Deserts are unique ecosystems with their own biotic and abiotic components, and are often rich in renewable natural resources, the appropriate management of which can contribute significantly to the sustainable management of desert regions for the welfare of the people.
Yet while there are many books on the flora of the countries fringing the important desert countries of the Mediterranean and Red Seas, there or few books reporting on their ecophysiology and vegetation ecology. This book presents the vegetation types of the African and Asian countries of the Mediterranean and Red Sea coastal regions, and discusses the ecological threats and economic applications of these critical resources. In particular, it examines the relationships between climate and vegetation, and discusses these within the context of desertification, agro-industrial applications, ecotourism and sustainable development.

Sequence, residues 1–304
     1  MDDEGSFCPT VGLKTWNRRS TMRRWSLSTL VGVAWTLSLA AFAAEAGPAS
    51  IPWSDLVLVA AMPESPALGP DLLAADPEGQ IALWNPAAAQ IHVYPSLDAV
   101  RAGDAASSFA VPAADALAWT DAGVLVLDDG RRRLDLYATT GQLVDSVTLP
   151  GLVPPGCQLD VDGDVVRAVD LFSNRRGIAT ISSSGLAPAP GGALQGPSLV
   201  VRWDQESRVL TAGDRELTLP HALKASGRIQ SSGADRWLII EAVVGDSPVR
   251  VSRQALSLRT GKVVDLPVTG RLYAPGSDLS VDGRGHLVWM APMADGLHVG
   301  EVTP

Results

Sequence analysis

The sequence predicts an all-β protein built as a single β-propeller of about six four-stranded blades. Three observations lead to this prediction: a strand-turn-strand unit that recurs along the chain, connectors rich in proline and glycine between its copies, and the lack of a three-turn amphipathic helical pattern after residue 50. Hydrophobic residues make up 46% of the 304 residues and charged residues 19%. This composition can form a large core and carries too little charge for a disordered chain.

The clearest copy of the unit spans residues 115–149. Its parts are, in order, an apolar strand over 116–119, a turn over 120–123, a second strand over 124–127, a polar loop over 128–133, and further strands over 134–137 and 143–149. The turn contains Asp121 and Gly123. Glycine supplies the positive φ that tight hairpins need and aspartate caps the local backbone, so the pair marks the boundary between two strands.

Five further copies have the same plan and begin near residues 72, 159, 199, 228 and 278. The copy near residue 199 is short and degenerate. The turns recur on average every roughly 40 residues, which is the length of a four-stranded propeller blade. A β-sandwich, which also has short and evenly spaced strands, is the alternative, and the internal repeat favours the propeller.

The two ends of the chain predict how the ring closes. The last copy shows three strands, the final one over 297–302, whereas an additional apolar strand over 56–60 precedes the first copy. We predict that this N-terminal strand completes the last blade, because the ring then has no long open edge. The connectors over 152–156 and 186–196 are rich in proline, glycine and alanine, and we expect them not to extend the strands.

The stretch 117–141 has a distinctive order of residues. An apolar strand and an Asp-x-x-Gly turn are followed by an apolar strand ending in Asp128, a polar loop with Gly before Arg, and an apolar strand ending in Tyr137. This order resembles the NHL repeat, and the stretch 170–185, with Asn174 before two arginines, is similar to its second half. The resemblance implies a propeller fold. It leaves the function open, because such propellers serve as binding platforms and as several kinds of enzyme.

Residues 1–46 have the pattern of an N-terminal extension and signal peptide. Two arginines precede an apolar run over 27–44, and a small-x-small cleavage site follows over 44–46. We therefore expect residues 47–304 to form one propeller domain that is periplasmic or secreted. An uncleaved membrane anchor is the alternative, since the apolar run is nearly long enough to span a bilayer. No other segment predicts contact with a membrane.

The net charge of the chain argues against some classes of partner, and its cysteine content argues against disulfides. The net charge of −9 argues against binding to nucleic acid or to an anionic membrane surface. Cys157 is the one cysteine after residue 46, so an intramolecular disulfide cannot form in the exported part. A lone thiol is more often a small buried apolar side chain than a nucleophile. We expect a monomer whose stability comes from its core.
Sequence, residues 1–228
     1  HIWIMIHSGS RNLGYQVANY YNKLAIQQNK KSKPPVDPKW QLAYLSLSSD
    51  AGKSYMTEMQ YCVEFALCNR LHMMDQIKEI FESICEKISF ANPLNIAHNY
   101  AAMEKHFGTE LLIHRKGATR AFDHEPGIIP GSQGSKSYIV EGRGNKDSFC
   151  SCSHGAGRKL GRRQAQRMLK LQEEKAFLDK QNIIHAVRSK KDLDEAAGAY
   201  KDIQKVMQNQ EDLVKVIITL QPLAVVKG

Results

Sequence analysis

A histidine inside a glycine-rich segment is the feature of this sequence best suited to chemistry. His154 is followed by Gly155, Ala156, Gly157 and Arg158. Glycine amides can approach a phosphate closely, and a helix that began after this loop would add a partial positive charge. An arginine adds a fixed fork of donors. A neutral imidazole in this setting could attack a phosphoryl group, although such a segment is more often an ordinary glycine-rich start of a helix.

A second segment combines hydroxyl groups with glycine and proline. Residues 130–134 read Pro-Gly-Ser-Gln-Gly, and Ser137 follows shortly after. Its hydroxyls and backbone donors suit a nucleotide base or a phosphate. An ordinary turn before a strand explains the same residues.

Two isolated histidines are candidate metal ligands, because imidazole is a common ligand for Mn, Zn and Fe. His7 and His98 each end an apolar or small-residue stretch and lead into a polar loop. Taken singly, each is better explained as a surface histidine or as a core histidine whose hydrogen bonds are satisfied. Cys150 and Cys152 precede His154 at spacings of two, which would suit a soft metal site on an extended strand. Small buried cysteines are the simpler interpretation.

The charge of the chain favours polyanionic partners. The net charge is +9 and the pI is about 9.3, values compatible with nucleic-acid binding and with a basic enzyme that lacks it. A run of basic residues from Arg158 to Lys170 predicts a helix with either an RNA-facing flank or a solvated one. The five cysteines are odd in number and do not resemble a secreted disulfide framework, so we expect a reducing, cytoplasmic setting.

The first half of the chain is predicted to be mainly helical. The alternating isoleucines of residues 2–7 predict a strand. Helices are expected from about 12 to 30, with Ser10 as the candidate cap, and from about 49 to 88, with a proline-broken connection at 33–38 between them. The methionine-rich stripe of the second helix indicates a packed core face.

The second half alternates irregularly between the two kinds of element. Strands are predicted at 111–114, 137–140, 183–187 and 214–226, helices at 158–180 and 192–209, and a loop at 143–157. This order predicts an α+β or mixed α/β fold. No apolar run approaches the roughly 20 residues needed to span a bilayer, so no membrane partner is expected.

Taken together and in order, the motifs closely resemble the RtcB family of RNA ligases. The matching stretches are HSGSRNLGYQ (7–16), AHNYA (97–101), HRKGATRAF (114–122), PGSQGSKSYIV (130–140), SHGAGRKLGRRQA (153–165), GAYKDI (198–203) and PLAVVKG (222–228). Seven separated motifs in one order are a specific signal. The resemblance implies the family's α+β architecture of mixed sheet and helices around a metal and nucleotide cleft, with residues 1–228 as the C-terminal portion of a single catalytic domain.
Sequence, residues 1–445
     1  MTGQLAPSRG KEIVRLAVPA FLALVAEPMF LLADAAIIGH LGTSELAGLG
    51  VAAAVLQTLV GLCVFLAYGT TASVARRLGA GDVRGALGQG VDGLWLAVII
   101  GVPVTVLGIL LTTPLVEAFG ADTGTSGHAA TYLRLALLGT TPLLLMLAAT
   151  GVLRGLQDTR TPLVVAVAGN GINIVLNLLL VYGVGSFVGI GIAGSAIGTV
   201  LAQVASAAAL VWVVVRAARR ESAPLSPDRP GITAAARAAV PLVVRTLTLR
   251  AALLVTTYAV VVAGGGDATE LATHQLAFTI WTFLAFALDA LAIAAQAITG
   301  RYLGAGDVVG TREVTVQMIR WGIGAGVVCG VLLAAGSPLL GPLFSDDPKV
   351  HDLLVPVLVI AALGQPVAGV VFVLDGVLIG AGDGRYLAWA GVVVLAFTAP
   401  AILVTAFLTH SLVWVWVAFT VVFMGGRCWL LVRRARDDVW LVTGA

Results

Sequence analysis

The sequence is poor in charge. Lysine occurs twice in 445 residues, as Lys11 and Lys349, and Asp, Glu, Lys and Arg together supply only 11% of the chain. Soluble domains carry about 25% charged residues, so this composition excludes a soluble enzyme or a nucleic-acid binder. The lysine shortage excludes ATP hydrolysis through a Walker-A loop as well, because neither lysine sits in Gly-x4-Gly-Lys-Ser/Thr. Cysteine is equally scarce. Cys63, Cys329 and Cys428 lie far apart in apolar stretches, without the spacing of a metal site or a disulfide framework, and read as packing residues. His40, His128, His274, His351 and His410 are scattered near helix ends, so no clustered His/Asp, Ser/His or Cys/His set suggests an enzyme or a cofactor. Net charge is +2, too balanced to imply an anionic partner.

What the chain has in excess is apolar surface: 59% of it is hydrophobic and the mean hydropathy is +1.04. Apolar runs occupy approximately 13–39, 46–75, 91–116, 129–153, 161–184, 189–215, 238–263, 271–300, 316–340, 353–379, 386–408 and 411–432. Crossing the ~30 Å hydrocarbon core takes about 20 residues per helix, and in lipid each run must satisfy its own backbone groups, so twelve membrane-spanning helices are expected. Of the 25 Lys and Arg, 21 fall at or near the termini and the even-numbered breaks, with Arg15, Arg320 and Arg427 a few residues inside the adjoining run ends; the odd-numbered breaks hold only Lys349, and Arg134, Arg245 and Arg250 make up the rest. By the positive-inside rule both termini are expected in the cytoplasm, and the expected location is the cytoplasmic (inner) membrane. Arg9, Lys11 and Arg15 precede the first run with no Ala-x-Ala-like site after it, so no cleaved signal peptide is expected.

The book will provide a valuable reference for researchers and graduate students involved in plant ecology, biogeography, economic botany and environmental management in the Afro-Asian Mediterranean and Red Sea coastal regions, as well as other desert regions around the world.
Suburban sprawl, advertising clutter, vast industrial plantations of spindly pines punctuated by stone-lined gutters in place of streams--this was the thoroughly modern landscape of Germany by the turn of the century. Most people ignored the devastating changes in their environment, or quickly rationalized them away as the price that had to be paid for "progress." But in 1904, three-quarters of a century before Greenpeace, one group arose that did not compromise on conservation: the movement for "homeland-protection," or "Heimatschutz."
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